Instead, we became obsessive about our market, figuring out how they behaved, which brands they followed, and what compelled them to turn over their hard-earned cash for the watches they loved. We figured out the things that our target market valued the most and dedicated 100% of our time and effort into them.

Pride and Passion

Many of the watch campaign founders may in fact have a deeply rooted passion for wristwatches. There are brands that started through crowdfunding that I have tremendous respect for. However, I also know that if we chose to go down the crowdfunding path, we would have to answer to our backers. While it is not necessarily a bad thing, we knew that we needed to focus on our product and QC, especially because it is our first one. Having backers to answer to during our prototyping, production and QC phases might have proven to be a distraction.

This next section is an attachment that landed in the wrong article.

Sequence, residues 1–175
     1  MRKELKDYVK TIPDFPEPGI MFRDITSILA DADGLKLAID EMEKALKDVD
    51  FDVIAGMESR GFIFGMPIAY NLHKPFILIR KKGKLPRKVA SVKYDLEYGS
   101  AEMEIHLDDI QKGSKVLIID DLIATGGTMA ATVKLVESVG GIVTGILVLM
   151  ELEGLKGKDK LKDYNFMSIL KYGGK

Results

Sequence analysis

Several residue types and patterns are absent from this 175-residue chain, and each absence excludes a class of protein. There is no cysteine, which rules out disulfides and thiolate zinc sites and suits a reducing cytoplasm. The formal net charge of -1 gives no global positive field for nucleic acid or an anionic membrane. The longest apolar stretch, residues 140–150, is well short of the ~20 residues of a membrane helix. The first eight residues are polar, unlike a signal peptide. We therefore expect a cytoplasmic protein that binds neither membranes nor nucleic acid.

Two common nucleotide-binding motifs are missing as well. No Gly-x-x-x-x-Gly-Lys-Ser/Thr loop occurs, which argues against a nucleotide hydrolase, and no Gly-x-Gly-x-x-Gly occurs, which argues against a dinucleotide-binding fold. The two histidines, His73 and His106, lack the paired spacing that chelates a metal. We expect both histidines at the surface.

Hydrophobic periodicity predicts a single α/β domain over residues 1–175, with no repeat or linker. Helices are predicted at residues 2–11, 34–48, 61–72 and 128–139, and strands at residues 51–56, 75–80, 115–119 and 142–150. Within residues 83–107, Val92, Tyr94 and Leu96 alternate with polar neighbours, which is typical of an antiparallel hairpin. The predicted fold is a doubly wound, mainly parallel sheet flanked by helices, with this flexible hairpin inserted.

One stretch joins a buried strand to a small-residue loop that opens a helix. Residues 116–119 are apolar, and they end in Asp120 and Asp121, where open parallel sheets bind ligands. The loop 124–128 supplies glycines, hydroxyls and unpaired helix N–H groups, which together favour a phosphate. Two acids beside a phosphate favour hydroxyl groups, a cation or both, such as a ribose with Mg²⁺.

Perhaps most importantly, we wanted to fund this ourselves because we had a clear vision of what we wanted this to be. We didn’t want to have to bend to anyone else’s will or answer to any of our backers. Our focus had to be on the watches and once those were done, the customers were our priority. We knew that funding this company on our own backs would prove that we are serious and that we are personally invested in the long term success of Nodus. After all, if we weren’t willing to put money towards our watches, why should we expect anyone else to?

"Two roads diverged in a wood and I—
I took the one less traveled by,
And that has made all the difference."

-Robert Frost